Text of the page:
Born in Carmarthen on the 14th of May 1828, the second of the seven children of Evan Donard Evans (1796 - 1877), and his wife Sophia Evans (1800-1844). His father was a well-known schoolmaster who was educated at Taunton and Manchester College, York, he was popularly known as ‘Evans of York’. He opened a private school at Pontantwn in the parish of Llangendeirne in 1822, but soon moved it to Carmarthen, first in Wood Street and after 1831 at the old Quaker meeting house, Lammas Street.
Alcwyn Evans gives no information about his education, but he was probably a pupil at his father's school. Like his father he became a schoolmaster, and for about forty years he kept a grammar school, ‘The Carmarthen Academy’ in Lammas Street, and after his father's death he moved to the old Quaker house. He was proficient in Latin and Greek, and was also familiar with other languages. It is said that he was a conscientious teacher that ruled his class with firm discipline, and demanded the best from his pupils. He was described as a physically strong and powerfully-built man with a partially withered arm, but it is clear from reports that he was capable of “wielding it in a swinging movement with menacing effect”.
Alcwyn Evans was interested in local history from a young age, and collected a wealth of historical material on the town and county of Carmarthen. At the Carmarthen National Eisteddfod in 1867 he won the chief literary prize with his “History of Carmarthenshire”. This history (NLWMS 12369-12371B) was possibly one of his most valuable possessions, and he continued adding details to it until his death.
As a methodical and painstaking compiler who had a compelling urge to seek and find, Alcwyn Evans did more than anyone to research and record the antiquities of Carmarthen town and county during the second half of the 19th century. In his early twenties he made transcripts of records from the original ‘Book of Ordinances’ of the borough of Carmarthen he records of which date from 1590-1756, and in 1878 he edited and annotated J. R. Daniel-Tyssen's Royal Charters … of the Town and County of Carmarthen. He also edited and annotated the charter rolls of Carmarthen, and added contemporary data, as well as collecting facsimiles of the autographs of the mayors of Carmarthen from the year 1400 onwards. His collections on the ‘Rebecca riots’ were utilized by H. Tobit Evans in his book Rebecca and her daughters (Caerdydd, 1910).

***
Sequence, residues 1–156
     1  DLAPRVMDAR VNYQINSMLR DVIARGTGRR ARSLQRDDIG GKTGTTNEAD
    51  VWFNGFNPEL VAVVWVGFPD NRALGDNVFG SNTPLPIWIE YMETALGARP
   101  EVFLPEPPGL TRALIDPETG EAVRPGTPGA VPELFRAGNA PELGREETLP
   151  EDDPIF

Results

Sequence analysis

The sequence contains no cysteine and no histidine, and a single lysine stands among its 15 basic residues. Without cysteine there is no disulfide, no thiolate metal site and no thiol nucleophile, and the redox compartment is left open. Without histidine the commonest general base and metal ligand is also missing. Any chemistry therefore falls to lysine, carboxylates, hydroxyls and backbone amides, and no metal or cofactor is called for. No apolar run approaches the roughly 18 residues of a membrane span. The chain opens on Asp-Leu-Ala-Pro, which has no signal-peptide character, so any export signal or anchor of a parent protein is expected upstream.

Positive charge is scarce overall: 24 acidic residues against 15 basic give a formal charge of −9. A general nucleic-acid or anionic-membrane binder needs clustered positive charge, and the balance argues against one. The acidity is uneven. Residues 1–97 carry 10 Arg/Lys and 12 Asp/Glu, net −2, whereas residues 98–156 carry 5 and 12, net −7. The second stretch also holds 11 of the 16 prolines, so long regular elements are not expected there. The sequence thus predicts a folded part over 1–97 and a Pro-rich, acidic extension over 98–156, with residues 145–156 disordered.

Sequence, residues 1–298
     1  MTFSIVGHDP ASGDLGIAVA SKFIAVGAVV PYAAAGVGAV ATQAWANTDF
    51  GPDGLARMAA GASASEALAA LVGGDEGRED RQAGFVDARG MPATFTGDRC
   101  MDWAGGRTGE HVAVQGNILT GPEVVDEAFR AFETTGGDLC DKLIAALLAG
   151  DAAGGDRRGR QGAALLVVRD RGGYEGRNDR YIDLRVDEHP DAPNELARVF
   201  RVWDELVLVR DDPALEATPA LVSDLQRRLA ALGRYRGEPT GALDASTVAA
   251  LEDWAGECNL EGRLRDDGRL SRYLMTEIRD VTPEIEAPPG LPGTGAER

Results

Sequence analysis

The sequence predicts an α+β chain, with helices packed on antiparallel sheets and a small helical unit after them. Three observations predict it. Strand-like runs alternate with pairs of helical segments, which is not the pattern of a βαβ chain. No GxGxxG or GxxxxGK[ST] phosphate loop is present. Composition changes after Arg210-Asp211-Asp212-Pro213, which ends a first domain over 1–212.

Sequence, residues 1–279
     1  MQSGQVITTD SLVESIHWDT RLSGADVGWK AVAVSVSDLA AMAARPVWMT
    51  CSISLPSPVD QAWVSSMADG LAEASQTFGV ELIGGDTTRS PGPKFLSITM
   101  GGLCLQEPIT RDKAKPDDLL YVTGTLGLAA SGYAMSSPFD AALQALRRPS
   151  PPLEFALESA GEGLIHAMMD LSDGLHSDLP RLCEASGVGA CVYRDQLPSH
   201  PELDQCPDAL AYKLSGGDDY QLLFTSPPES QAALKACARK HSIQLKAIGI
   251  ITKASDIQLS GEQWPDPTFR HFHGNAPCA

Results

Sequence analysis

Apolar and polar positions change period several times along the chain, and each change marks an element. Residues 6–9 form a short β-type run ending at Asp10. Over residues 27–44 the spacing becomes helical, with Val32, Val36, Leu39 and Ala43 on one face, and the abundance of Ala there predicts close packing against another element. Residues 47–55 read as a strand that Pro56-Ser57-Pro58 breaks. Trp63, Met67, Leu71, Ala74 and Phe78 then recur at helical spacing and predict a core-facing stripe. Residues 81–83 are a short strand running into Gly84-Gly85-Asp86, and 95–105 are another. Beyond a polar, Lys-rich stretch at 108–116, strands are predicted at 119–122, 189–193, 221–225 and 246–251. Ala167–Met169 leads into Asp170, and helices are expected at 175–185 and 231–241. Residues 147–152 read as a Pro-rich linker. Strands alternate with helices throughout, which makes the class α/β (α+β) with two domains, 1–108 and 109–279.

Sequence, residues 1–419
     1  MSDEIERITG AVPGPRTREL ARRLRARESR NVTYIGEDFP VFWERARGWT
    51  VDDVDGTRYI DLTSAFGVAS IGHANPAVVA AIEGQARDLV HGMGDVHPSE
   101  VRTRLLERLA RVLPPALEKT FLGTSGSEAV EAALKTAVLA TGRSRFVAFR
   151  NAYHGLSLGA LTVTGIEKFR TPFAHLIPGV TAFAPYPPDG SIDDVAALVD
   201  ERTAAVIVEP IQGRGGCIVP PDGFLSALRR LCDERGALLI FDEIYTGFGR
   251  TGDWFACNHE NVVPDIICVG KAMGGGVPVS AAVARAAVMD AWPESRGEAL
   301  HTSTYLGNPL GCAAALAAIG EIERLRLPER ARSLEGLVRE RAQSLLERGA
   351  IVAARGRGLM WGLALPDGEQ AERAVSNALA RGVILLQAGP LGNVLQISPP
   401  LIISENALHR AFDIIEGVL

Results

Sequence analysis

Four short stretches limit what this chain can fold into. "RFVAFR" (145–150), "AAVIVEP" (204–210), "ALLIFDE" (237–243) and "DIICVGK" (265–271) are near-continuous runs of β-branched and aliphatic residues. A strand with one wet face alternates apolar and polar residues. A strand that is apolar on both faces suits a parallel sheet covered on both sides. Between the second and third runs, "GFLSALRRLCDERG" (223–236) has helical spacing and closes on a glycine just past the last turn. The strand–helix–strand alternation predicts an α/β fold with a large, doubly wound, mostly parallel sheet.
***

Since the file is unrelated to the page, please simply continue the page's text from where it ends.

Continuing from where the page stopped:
He also delighted in compiling pedigrees, and mainly concentrated his studies on the genealogies of the ancient families of South Wales and the town and county of Carmarthen. In an article in the Carmarthen Journal, 11 August 1939 a certain ‘E.J.W.’ states ‘that to the genealogist these books are of inestimable value, inasmuch as they bring the pedigrees of the Welsh gentry up to date.’
In Alcwyn Evans's obituary, the Rev. M. H. Jones, a Carmarthen antiquary, stated that “The elaborate, exhaustive and most beautifully written MS. books which he left behind him are marvels of skill and scholarship … Mr Evans was undoubtedly one of the few authorities to consult on pedigrees, ancient wills, documents and other references to the past history of the county” (Transactions of the Carmarthenshire Antiquarian Society, vol. 2, p.110). In 1906, Messrs W. Spurrel & Son, who had plans to publish his manuscripts describe them as containing “a great deal of original matter of historical and genealogical character, carefully compiled from various sources, together with transcripts and translations of rare old documents, fully annotated with the most laborious and painstaking care”. (Transactions of the Carmarthenshire Antiquarian Society, vol. 2, p.153).
Both Alcwyn Evans and his father were ardent Unitarians and in his later years, Alcwyn Evans became a strong Liberal Unionist. He was a member of the Cambrian Archaeological Association and of the Carmarthen Literary and Scientific Institution. For years he prepared the rate books for the town of Carmarthen.
He married twice. His first wife was Elizabeth Amelia Rees (died 1867), daughter of John Morgan, and widow of an innkeeper who kept the Castle Inn in Priory Street, Carmarthen, and for several years they kept the Castle Inn, and later the Bird in Hand, John Street, Carmarthen. They had no children. He married his second wife Mary (1835-1884) in 1870, she was the daughter of William Thomas, a Llandovery ropemaker who was the nephew of Thomas Charles of Bala. They had two daughters, Marian Sophia (born 1872) and Eleonora Imogen (born 1874).
Alcwyn Evans died on the 11th March 1902 at his home in Carmarthen. His collections were dispersed after his death. His “beautifully written and carefully indexed volumes of manuscripts” passed into the library of Sir Evan Davies Jones of Pentower, Fishguard and in July 1939 were purchased at Sotheby's of London on behalf of Alderman R. J. R. Loxdale, Castle Hill, Llanilar, Cardiganshire, who presented them to the National Library of Wales (NLW MSS 12356-88). Three of these manuscript volumes of pedigrees (NLW MSS 12359-12361D ) can now be seen on the National Library of Wales' Digital Gallery.
Published date: 1959
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